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J Rheumatol. 2010 Jan;37(1):32-7. doi: 10.3899/jrheum.090237. Epub 2009 Oct 15.

Early life factors and adult-onset rheumatoid arthritis.

Author information

  • 1Department of Epidemiology, Harvard School of Public Health, Boston, Massachusetts, USA. julia.simard@post.harvard.edu

Abstract

OBJECTIVE:

Early life factors have been associated with risk of developing autoimmune disease in adulthood. We investigated the association of preterm birth and being breastfed with the incidence of rheumatoid arthritis (RA) in 2 large prospective cohorts.

METHODS:

We studied participants from the Nurses' Health Study (NHS) and the Nurses' Health Study II (NHSII) who provided information on perinatal factors. The NHS (n = 121,701) and NHSII (n = 116,608) are large prospective cohorts of women followed since 1976 and 1989, respectively. Incident RA was confirmed using the American College of Rheumatology criteria and a medical record review. Cox models were used to estimate the hazard ratio of RA associated with being born preterm and being breastfed and its duration, adjusting for potential confounders. Random effects metaanalytic methods were used to compute combined estimates from the 2 cohorts.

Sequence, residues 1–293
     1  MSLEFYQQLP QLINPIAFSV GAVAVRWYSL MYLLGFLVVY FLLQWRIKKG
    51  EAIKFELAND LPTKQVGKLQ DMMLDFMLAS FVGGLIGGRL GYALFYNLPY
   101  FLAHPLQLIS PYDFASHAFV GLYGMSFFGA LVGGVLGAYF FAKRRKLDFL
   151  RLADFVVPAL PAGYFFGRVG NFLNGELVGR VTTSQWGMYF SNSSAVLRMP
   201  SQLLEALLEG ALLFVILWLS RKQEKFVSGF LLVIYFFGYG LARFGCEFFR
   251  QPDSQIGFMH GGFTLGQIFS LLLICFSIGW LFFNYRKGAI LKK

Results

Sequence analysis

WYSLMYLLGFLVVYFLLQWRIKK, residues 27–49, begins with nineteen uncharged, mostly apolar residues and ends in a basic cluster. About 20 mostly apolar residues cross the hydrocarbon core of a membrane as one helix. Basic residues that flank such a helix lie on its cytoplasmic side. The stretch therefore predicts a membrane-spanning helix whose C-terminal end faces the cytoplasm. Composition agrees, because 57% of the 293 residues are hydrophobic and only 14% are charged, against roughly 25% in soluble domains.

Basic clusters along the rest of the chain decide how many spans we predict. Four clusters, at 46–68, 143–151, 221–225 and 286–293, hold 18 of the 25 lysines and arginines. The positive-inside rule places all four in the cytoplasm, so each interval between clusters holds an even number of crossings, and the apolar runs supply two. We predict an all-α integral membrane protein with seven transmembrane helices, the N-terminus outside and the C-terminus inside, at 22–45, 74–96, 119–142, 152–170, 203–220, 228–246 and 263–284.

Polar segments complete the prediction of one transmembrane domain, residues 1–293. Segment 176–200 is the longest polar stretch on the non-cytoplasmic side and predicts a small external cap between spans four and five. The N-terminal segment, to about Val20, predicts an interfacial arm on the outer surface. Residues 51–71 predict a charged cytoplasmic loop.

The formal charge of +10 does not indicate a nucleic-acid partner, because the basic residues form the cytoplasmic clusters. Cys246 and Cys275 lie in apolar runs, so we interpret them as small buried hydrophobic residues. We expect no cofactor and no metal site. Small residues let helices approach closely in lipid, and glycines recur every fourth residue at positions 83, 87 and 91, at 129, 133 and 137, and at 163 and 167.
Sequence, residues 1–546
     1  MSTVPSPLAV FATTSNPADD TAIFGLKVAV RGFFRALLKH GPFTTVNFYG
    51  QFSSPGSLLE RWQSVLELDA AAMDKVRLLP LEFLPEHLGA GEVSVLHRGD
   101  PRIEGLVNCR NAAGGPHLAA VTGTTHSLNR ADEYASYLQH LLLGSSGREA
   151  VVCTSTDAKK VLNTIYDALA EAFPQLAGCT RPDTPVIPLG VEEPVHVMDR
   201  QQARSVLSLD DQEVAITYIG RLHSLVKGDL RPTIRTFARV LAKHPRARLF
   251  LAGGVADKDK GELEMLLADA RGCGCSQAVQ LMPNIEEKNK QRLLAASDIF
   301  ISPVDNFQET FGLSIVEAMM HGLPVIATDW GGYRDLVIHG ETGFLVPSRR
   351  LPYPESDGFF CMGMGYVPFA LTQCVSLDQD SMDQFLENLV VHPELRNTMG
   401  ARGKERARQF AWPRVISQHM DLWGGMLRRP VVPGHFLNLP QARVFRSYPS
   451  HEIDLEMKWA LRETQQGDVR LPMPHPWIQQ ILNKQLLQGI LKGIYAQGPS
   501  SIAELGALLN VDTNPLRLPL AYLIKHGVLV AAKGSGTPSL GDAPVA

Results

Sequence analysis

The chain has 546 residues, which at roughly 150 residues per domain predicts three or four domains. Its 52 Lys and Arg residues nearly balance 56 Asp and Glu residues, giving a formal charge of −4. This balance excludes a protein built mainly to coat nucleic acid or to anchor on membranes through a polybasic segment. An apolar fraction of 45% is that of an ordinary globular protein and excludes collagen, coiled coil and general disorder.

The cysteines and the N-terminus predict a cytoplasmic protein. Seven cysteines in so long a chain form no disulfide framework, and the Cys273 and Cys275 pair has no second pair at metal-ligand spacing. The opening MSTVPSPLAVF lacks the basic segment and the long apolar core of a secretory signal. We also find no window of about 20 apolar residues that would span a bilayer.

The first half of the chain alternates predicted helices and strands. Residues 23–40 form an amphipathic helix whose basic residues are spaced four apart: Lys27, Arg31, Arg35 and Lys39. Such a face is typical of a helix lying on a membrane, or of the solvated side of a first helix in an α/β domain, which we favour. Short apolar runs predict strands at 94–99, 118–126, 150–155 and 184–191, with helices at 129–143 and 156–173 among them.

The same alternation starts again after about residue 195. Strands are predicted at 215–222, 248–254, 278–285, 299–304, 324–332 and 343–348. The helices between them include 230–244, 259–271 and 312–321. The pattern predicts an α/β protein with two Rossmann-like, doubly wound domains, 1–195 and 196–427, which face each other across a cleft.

RESULTS:

We found no statistically significant association between preterm birth and incident RA [relative risk (RR) = 1.1, 95% CI 0.8, 1.5]. Being breastfed was not associated with increased incidence of RA (RR = 1.0, 95% CI 0.7, 1.4), regardless of the duration of breastfeeding.

CONCLUSION:

In these cohorts of women, neither being preterm birth nor being breastfed was associated with the onset of RA.

PMID:
19833745
[PubMed - indexed for MEDLINE]
PMCID:
PMC2800173
Free PMC Article
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